As we honor all US military veterans this week, here are some books for all ages that explore the perspectives and challenges of the men and women who have served our country. Libby has also created a collection of over 160 titles curated by librarians on Military Memoirs and History.
Whether autumn is your favorite season or not, I think we can all agree that it is by far the coziest season of them all. Rustling leaves, a hot drink, and a good book. Sounds pretty perfect, right? Be it a cozy mystery or a romance there is a book for every reader! Here are my recommendations to get you in the perfect autumnal mood:
ALA’s Office for Intellectual Freedom tracks attempts to ban or restrict access to books. More than 273 titles were challenged or banned in 2020, with increasing demands to remove books that address racism and racial justice or those that shared the stories of Black, Indigenous, or people of color. As with previous years, LGBTQ+ content also dominated the list.
September is Hispanic Heritage Month! In celebration, I would like to use this space to highlight and honor one of the most prolific Latin American authors, whose innovative style, elegant prose, and rich, emotive themes have enlivened bookshelves continents over. The Colombian novelist Gabriel García Márquez who lived from 1927-2014. He was one of the most prolific writers of the last century, and, together with authors such as Julio Cortázar of Argentina, Carlos Fuentes of Mexico, and Mario Vargas Llosa of Peru, was a key figure in the Latin American literary boom of the 1960s and 1970s. His novels, especially One Hundred Years of Solitude and Love in the Time of Cholera, are pioneering works that provide a window into the condition of Latin American life. These works helped establish Latin America as a bastion of innovative literary styles, as García Márquez’s signature style, magical realism, was pioneered in these novels.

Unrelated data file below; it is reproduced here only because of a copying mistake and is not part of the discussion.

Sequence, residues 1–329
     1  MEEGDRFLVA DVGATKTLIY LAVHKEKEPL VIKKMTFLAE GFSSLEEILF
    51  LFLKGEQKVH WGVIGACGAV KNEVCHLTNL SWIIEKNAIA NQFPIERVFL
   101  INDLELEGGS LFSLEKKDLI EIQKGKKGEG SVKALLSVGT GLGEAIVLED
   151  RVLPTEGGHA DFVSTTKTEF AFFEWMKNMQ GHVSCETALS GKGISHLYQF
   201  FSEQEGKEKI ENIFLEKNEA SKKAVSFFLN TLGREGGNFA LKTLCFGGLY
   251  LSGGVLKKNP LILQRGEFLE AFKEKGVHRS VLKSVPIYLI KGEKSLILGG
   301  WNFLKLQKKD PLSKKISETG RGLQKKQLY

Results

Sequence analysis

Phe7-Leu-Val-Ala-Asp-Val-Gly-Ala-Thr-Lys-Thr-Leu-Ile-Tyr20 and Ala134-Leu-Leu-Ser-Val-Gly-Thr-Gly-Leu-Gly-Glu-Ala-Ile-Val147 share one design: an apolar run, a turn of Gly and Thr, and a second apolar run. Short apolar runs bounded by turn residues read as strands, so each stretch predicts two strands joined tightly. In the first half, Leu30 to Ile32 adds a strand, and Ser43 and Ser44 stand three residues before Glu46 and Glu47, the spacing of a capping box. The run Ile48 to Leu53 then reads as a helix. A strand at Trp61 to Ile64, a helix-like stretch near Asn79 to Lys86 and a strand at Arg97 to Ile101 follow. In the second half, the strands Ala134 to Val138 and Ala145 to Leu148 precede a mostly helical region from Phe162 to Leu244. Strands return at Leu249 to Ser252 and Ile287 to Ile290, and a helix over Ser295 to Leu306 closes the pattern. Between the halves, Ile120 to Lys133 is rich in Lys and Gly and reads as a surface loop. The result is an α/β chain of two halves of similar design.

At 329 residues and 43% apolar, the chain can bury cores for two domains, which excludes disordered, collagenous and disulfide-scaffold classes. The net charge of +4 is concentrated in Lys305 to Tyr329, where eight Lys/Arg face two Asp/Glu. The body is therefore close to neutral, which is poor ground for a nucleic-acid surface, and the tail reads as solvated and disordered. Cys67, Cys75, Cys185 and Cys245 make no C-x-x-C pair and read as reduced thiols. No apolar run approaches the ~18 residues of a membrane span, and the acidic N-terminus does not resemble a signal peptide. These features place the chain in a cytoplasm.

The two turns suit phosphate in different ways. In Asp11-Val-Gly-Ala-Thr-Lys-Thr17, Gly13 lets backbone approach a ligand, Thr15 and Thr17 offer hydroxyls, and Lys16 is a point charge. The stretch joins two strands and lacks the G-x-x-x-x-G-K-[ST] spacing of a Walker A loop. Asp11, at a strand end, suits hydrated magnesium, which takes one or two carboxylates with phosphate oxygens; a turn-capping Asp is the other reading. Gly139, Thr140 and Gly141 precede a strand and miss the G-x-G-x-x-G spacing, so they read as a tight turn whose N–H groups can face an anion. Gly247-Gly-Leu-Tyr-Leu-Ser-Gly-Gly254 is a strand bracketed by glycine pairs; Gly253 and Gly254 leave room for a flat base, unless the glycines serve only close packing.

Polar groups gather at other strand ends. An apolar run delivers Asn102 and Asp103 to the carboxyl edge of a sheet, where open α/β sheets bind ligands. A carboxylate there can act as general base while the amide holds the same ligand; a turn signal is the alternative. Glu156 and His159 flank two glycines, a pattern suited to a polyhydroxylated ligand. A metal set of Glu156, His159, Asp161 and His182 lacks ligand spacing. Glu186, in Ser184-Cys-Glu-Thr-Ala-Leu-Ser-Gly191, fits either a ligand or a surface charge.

On Monday, August 16 at 12 pm, in partnership with the Clio Society of The Ohio State University and Bexley Public Library, Professor Ori Yehudai will present Leaving Zion: Jewish Emigration from Palestine and Israel after WWII. While most scholarship surrounding the creation of the nation of Israel is from the perspective of Jewish immigration into Israel, Professor Yehudai flips the narrative and focuses on Jewish migration out of Israel and Palestine. He will discuss why, for various reasons, Jewish migrants decided to leave Israel for other countries between the years of 1945 and the late 1950s.
Register for Professor Yehudai’s presentation here. The virtual event will be recorded, so even if you can’t attend the event live, you will receive a link to the recording about a week later. Professor Yehudai’s book Leaving Zion is also available to reserve at Bexley Public Library.
The Olympic Games are upon us once again! On July 23rd, the 2020 Tokyo Summer Olympics will have commenced… only a year after they were supposed to have taken place! The COVID-19 Pandemic, along with postponing the Olympic Games for the first time in history, has also prevented spectators from attending the Games in-person. But don’t worry – if your summer trip to see the Games in Tokyo was quashed by COVID, there are plenty of books that are available here at BPL to make sure you’re well-versed in all things Olympics.
Ernest Hemingway’s ubiquitous influence is felt by all who visit Key West. The Pulitzer Prize winning author lived and wrote on the island during the 1930s and experienced the most prolific decade of his career there. Now every July Key West celebrates Hemingway Days in commemoration of the author’s July 21 birthday. Events include a look-alike contest, short story contest, deep-sea fishing tournaments, and literary readings. In the spirit of Hemingway Days, BPL would like to invite you to armchair travel to Key West!
Juneteenth – also known as Freedom Day, Jubilee Day, Liberation Day, and Emancipation Day – is a holiday that celebrates the emancipation of those who were enslaved in the United States. It originated in Galveston, Texas, recognizing the anniversary of the June 19, 1865 announcement of General Order No. 3. This order freed the remaining enslaved people in the state via President Abraham Lincoln’s Emancipation Proclamation.